The laughs have been few and far between lately. Maybe that is why it felt so good when Leon Cooperman, the billionaire investor, blurted out on live television that “these kids at the colleges have shit for brains.”
Mr. Cooperman, the first in his family to graduate college, took a big step toward achieving the American dream when he was accepted to Columbia University. I know this story well because the same is true of my father, Michael Steinhardt. In May 1957, he had breakfast with his usually absent father to tell him of his plans to attend City College. In response, my grandfather, who hadn’t finished eighth grade, let alone high school, told his son that there was this fancy school that wealthy Jewish boys attended, that he had read about it in the New York Times wedding section. If my dad could get into Wharton, my grandfather would pay for it.
That was nearly 70 years ago — and the American Jewish community is still lusting after entry into elite universities as if these institutions are the sole path to success, the most important sign of being on track to a lifetime of wealth and happiness. But recent events have shown us that the universities don’t, in fact, lust after us.
In the past few weeks, Marc Rowan, Ronald Lauder, Jon Huntsman, Les Wexner, and other philanthropists have had a long-overdue wake-up call alerting them that many academic institutions have seriously lost their way. The influence of antisemitic ideas on campus — cloaked in the guise of anti-Zionism promoted by student groups, faculty, and administrators — has finally outweighed some people’s desire to support the schools that once helped them achieve success. (It has even outweighed the hope that their donations would secure admission for their children and grandchildren.)
On many campuses, outrageous, blatant lies about Israel’s past and present cast the Jewish state as a genocidal, bloodthirsty invader of indigenous lands. Pressure from faculty and students, the weight of immense donations from countries including Saudi Arabia and Qatar, and plain old cowardice have led too many school administrators to issue mealy-mouthed “both sides” statements about the October 7 attacks and to look the other way as students and outsiders aggressively march through campus, interrupt memorial vigils, threaten and even assault students, cheer for the recent massacre and wish for future ones, and tear down pictures of hostages.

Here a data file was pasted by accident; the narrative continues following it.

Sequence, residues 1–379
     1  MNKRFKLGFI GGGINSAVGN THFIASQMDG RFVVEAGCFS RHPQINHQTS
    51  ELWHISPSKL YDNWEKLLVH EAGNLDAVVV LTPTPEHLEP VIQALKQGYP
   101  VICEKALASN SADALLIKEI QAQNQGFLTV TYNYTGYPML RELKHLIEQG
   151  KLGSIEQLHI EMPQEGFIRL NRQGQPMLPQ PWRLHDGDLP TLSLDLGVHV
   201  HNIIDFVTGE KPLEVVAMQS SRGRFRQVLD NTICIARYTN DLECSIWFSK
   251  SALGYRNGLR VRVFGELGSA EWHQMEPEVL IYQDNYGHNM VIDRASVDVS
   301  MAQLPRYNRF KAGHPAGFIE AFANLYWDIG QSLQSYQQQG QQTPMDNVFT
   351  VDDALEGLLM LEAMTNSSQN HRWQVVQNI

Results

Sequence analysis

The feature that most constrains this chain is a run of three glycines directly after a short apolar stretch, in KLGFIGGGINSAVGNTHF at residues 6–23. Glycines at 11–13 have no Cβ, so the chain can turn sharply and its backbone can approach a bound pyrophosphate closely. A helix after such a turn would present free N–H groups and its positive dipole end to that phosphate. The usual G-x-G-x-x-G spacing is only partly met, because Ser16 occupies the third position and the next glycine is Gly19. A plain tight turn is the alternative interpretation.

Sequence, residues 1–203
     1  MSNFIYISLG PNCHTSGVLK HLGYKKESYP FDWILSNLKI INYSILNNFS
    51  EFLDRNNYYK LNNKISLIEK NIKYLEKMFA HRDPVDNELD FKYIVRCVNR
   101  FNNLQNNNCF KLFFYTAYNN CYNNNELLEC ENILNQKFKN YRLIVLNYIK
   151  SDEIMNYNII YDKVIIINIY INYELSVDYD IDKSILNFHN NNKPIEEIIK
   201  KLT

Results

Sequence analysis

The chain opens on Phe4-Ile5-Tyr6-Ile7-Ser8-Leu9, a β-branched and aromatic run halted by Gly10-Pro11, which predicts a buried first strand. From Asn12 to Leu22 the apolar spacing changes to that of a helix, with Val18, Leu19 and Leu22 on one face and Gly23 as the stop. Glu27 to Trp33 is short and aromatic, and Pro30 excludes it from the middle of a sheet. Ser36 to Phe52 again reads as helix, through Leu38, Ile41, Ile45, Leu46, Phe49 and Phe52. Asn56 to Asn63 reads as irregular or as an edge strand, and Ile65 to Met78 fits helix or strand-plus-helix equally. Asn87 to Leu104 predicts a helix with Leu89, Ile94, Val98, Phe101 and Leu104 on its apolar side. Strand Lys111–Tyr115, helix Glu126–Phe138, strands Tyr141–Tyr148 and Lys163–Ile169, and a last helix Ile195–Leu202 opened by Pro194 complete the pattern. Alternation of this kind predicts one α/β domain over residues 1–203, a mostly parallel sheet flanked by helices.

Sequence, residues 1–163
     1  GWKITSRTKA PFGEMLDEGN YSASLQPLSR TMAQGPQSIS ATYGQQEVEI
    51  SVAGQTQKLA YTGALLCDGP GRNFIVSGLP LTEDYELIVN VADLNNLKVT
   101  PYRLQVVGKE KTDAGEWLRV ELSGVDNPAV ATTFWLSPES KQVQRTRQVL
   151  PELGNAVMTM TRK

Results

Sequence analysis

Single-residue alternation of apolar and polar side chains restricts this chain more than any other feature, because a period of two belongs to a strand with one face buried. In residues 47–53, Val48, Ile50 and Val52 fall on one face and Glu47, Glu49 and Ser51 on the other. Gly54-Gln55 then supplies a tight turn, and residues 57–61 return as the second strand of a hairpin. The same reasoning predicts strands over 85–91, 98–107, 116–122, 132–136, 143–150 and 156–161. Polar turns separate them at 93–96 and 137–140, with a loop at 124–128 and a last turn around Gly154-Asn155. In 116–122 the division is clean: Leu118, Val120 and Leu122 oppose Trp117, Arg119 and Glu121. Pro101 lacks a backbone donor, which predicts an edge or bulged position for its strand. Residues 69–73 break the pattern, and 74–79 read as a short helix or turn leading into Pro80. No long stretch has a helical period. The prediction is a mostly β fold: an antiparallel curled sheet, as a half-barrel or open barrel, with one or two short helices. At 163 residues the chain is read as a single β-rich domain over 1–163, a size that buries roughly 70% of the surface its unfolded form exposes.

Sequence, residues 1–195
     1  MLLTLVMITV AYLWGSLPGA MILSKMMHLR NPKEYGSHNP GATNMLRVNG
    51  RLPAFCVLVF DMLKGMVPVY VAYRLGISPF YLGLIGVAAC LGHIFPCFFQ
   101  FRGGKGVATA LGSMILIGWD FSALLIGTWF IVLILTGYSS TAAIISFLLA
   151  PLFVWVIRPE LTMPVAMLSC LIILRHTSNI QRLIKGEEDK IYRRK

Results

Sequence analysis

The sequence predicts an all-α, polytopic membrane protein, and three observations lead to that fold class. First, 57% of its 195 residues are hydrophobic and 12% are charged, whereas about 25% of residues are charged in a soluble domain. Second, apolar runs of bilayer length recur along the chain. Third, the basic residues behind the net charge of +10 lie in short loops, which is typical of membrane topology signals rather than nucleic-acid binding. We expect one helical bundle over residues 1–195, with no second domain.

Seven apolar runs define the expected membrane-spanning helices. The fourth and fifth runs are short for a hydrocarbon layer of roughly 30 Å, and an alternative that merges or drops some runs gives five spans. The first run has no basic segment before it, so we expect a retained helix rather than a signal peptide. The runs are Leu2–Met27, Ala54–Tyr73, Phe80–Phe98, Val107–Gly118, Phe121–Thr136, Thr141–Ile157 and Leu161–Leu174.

This is a pathetic moment for the American university. It might shock us, but it shouldn’t surprise us.
Elite universities in particular have been consumed in recent years by the notion that the world can be seen simply as a race-based identity hierarchy of “oppressors” and “oppressed.” This is the hip new take on an ideology entrenched in universities for decades — one that has metastasized beyond them and into the media, corporate America, and American political life. This ideology argues that the West and the values that have built Western civilization are indelibly stained by racism and imperialism. American Jews, who are alleged to be white, or even “hyper-white,” are, the story goes, on the oppressor side of the ledger. The Jews’ alleged whiteness combines with their alleged imperialism to justify the claim that the Jewish presence in Israel is “settler colonialism.” Jews become the worst of all villains — which should come as no surprise to anyone who knows Jewish history.
And so we arrive, step by rotten step, at the ideas and behaviors on display on campuses today, where the mass killing of Jews in Israel is celebrated as an act of “resistance” or a just “military action” against “occupiers” by the “indigenous” population. In this twisted logic, Jews can never be genuine victims, even when they’re being murdered, raped, or kidnapped. Facts don’t matter — including the fact that Israel, the restoration of the Jewish people’s ancient homeland, was created as a refuge from millennia of genocidal attacks just like those perpetrated by Hamas terrorists in October.
Faced with this grotesque spectacle that violates all norms of humanity, civilization, and intellectual rigor, university leaders are — wait for it! — doubling down.